Jeff Nichols directs the mysterious story of Alton, a young boy played by Jaeden Lieberher, who’s not like us.
Having not seen or read much about this film I had no idea what to expect. I feel like that’s pretty much Nichols’ intention. From the off we’re given little context to what’s happening, which honestly feels really natural to the situation. It’s pretty hard to write a review based on a film that works best with the least foreknowledge, but I’ll give it a go, if only to persuade you to see it for yourself.
Alton is a young boy with special ‘powers’, which are left intentionally ambiguous throughout the film, who becomes of interest to the government, amongst other parties. Michael Shannon’s Roy sees the threat that Alton is facing and with the help of Joel Edgerton’s Lucas and Kirsten Dunst’s Sarah, escorts Alton to his final destination, which is also left intentionally ambiguous throughout and I won’t ruin it here. Adam Driver, excellent as always, is effectively introduced to the mix as Sevier, the NSA agent who takes a special interest in Alton’s. What ensues is a brilliant sci-fi mystery, but one which is firmly grounded in character and relationships.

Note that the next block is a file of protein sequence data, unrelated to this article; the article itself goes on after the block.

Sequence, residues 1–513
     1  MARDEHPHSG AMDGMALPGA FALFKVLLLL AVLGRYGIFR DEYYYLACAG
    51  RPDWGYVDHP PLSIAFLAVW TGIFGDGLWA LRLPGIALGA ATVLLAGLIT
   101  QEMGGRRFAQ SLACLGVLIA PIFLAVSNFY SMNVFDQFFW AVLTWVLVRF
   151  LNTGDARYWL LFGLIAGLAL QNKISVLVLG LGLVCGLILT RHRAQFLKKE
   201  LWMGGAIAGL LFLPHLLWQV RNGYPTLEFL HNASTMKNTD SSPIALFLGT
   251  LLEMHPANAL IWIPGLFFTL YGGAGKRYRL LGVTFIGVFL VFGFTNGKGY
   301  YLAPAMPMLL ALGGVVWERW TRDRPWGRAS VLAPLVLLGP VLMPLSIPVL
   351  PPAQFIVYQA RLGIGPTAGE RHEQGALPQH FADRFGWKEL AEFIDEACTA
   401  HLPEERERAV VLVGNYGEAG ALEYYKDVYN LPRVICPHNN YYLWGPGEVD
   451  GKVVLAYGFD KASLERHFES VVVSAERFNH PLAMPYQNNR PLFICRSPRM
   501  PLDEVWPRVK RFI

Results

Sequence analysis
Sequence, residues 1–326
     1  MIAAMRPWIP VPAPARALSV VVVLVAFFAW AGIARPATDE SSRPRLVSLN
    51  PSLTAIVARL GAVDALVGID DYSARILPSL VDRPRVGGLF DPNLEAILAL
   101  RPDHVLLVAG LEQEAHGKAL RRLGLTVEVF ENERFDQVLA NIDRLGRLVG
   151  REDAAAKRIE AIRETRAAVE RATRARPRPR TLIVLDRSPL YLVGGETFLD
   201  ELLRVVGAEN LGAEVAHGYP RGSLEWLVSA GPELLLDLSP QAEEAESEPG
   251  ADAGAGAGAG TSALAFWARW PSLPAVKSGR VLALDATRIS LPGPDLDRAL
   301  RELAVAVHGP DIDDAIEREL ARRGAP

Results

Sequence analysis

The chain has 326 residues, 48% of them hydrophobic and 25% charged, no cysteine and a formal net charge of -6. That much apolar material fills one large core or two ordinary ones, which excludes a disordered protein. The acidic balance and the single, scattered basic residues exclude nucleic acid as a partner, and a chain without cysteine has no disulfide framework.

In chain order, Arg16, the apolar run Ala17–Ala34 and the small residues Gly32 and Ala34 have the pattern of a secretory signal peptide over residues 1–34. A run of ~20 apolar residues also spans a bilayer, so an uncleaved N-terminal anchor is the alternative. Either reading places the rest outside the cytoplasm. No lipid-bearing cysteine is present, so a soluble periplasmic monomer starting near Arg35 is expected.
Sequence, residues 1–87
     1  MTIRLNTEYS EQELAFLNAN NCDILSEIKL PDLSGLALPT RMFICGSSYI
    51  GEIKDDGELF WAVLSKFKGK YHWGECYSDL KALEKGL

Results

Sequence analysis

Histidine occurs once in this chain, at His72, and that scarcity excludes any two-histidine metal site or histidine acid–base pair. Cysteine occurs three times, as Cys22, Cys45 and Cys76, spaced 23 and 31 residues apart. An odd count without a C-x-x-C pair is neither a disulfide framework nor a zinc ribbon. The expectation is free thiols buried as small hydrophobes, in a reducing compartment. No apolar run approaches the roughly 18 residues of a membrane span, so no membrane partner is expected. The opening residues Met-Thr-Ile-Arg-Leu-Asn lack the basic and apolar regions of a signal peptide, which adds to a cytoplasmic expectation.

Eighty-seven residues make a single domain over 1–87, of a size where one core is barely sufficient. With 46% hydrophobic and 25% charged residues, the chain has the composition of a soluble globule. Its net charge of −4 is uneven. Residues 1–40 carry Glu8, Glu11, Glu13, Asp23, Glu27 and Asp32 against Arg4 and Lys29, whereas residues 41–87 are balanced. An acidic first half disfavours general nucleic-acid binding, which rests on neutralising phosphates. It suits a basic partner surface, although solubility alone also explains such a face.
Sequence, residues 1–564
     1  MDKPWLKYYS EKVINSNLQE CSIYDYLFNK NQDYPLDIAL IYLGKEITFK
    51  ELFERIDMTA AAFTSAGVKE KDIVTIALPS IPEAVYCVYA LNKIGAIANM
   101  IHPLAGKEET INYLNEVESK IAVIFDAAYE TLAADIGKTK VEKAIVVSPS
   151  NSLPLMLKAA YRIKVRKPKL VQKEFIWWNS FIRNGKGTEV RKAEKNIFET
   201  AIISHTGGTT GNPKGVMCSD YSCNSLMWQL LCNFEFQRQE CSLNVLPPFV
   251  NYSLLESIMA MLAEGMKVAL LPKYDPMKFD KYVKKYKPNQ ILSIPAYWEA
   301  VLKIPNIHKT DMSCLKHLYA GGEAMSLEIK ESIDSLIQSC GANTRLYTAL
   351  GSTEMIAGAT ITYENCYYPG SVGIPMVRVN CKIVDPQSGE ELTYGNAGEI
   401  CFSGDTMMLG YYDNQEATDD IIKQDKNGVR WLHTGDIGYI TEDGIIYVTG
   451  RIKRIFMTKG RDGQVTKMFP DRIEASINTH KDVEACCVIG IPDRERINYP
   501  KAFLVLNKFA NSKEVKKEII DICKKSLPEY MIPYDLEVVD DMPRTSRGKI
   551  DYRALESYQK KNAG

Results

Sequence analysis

The acting is fantastic. Michael Shannon is intense, but with a human insecurity and fear that the audience can really relate to. Joel Egerton, too, is brilliant, acting as the audience’s way in – he’s new to the situation too, and his responses are spot on. Really, it’s the natural characters, in interaction and motive, that make the sci-fi not just accessible but impressive for those who would maybe write off the genre.
The film itself is slow and allows the actors space to fill, lingering on the spaces between dialogue and action and making it seem like it’s happening in real-time. This does nothing to reduce the tension, however, and the whole way through I was transfixed. When the lights came up a guy a couple of rows in front of us loudly complained that it was two hours of his life that he wasn’t getting back. I can only imagine that he was expecting more action or more explanation. As it was, I thought the balance of these was perfect.The way that Nichols gives us essentially a chase film, but at a slower pace whilst keeping the tension, is fantastic. He carefully weaves in plot reveals at perfect interludes to keep you interested and the result is a compelling mystery.
If I could criticise anything, it would be the very end. I don’t want to give anything away, but the mystery of the story was great, and I didn’t really need to see anything to believe it.
EXCELLENT. Midnight Special is an intense and yet subtle film, exploring human life and emotion beautifully through a sci-fi lens.